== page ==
US 4068264 A
At the sending end randomly generated binary code number signals are inserted into predetermined lines of the vertical retrace interval. The code number signals are also processed in accordance with a program assignment code to change or leave unchanged a predetermined characteristic of the television signal. Periodically, program identification signals, each signifying a program identification number, are inserted into the television signal instead of the binary code number signals. At the receiving end, the program identification signals are utilized to address a random access memory which furnishes program assignment signals. The program assignment signals control logic circuits to process the code number signals in accordance with the same program assignment code utilized at the transmitter. The output of these logic circuits is then utilized to decode the received encoded signal. Further, means are furnished to record the program identification number in the random access memory at the receiver for billing purposes, if the subscriber indicates acceptance of the program. Both this recording and the decoding of the encoded signal are impeded if a catagory switch at the decoder furnishes a catagory selection number which does not correspond to a catagory selection number inserted into the encoded television signal at the transmitting end.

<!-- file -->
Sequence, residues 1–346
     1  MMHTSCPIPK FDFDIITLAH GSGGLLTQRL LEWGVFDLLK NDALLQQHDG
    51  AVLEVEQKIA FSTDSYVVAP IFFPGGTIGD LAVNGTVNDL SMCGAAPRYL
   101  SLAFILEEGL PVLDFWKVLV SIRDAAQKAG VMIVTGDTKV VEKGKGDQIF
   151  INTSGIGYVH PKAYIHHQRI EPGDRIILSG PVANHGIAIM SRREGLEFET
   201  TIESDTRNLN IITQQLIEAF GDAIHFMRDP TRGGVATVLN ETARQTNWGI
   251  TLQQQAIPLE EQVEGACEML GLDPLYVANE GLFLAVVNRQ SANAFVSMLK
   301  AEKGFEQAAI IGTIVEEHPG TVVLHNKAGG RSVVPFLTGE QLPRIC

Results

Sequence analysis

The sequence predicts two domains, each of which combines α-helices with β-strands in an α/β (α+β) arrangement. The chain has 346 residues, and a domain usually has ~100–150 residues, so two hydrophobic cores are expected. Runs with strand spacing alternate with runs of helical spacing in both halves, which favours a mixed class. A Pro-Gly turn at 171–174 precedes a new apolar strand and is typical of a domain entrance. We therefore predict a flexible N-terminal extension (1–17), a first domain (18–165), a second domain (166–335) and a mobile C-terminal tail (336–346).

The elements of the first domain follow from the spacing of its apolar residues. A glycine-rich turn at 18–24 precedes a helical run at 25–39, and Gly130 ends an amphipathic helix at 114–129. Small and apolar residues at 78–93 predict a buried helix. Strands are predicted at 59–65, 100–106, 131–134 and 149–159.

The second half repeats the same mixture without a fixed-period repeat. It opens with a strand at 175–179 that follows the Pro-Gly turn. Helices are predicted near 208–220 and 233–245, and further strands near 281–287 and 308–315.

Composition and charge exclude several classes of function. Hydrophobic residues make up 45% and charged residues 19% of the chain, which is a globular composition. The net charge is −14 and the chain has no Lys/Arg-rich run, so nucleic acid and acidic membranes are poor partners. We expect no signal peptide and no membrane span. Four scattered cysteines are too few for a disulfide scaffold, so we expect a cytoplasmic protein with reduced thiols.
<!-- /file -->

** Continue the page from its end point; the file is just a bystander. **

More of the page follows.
1. Subscription television system comprising, in combination, at the transmitting end: means for encoding the television signals together constituting a given program in accordance with a selected one of a plurality of encoder modes; means for inserting a program identification number signifying said program into said television signal at predetermined time instants thereof; and transmitting means for transmitting the so-encoded television signals with the so-inserted program identification number to all subscribers;